Gray Flannel Dwarf

1/5/2006

Holiday movie list

Well, not really a list.

Saw two movies over Christmas/New Years — well, four if you include the DVDs of Forty Year-Old Virgin and Charlie and the Chocolate Factory. In the theatres, we saw Memoirs of a Geisha and Munich.

Geisha wasn’t bad. I felt stupid for not knowing sooner — like when I first saw the book appearing on shelves in 1999 or so — that it wasn’t a true/autobiographical account, but a novel by Arthur Golden. It wasn’t until the credits that I found out, dumbly, that it was fictional.

I did find it a little odd — and I know I’m not the first to make this observation — that a “Japanese” movie starred three of the biggest Chinese names out there: Zhang Ziyi, Gong Li and Michelle Yeoh. Actually, I was also a little miffed that Gong Li got a bit slighted in the credits, at least in my opinion. After crediting Zhang, Yeoh, and all the other major characters, they then had the “And Introducing” credits featuring (I think) Suzuka Ohgo and then Gong Li.

Gong got second listing after some nobody, in an “introductory” credits section? Granted she’s been in mostly Chinese movies for the most part, but this was not her first film seen in the West — Chinese Box had her starring alongside Jeremy Irons. Also, it’s not like she’s a forgotten name amongst the many different film festivals — she was a jury member at some of them!

In any case — the movie was beautifully shot and told an interesting story. It also will perhaps set the record straight for morons who think geishas were prostitutes. And despite the good performances by most of the actors/actresses, I like to think that they could’ve found real Japanese actresses to play the major roles covered by “the big three” above, for historical (and visual) accuracy’s sake.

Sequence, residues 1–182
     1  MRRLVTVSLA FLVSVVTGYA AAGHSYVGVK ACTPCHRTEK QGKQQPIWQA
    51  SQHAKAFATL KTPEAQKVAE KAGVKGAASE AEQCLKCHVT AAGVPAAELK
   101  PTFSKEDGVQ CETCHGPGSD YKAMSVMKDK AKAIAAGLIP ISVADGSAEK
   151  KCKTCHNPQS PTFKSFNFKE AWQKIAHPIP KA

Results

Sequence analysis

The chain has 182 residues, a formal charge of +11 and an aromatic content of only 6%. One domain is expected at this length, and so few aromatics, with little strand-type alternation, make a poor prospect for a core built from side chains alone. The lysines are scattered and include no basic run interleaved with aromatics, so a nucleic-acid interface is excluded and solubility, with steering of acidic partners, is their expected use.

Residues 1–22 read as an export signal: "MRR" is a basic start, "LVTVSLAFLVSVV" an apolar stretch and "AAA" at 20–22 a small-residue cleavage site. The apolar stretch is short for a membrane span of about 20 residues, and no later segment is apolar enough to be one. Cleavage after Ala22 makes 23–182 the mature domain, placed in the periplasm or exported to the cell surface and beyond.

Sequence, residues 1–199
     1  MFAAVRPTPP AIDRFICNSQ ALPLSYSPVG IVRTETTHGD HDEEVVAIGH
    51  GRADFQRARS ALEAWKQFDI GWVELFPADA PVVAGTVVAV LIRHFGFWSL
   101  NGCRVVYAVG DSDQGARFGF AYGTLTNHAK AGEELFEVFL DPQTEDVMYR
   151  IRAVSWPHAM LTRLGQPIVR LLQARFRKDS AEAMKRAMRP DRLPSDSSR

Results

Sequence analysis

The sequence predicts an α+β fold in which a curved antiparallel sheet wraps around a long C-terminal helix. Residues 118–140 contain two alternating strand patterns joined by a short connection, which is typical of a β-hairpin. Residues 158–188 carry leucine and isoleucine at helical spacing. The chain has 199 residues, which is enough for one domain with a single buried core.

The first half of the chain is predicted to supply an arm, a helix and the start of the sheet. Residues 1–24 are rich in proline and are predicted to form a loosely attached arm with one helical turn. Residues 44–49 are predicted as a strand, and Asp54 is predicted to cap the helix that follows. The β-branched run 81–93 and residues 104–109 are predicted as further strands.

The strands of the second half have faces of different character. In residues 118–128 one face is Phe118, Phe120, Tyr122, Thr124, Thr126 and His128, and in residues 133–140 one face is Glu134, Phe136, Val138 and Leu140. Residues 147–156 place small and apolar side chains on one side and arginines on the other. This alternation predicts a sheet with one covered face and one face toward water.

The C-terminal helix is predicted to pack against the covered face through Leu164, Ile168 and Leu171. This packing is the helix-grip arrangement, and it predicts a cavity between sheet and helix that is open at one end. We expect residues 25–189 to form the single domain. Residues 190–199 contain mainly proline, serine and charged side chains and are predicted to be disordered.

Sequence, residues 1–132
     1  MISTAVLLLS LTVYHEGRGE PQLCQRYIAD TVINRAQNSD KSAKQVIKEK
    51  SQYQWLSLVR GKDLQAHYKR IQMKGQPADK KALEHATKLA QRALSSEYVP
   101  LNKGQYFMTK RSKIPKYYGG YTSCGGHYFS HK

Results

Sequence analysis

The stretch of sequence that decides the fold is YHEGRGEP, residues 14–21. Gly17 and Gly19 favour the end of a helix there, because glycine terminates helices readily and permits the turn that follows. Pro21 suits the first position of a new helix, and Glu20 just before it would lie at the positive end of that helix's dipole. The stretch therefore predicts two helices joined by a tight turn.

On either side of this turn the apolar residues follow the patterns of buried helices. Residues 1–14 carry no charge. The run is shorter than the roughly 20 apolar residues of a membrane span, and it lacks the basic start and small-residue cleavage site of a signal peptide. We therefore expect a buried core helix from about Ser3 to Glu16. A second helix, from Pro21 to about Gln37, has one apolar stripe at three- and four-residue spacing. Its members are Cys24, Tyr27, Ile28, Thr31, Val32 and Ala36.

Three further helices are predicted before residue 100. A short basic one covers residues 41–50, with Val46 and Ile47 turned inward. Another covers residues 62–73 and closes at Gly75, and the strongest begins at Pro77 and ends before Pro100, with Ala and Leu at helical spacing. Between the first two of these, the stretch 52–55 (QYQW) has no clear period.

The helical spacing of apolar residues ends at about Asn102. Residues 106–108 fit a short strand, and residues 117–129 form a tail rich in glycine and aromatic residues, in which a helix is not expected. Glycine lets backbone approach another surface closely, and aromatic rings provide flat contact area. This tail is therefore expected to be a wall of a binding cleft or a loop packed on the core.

Munich was pretty good too, though very long — a quality not ignored by the two rednecks who walked out of the theatre muttering stuff about the movie and disturbing everyone else in the theatre. It’s basically the story of a tortured undercover agent/bounty hunter hired by Israel, seeking revenge for the Munich Olympic incident. With certain bits of humour, it comes across at times like an Oceans Eleven, but really it turns out to be a quite bitter, scary and emotional movie… not that this wasn’t expected, to some degree… I mean, Munich was real; George Clooney’s tales of bank robbery glory is just schtick.

Both of these movies were worth seeing, each for different reasons, although I did like Geisha more — Munich was missing…something, and I can’t put my finger on it. Would probably be a bit too rich to watch both on the same day, though.


Tags: , , , , — cswiii @ 10:59 am

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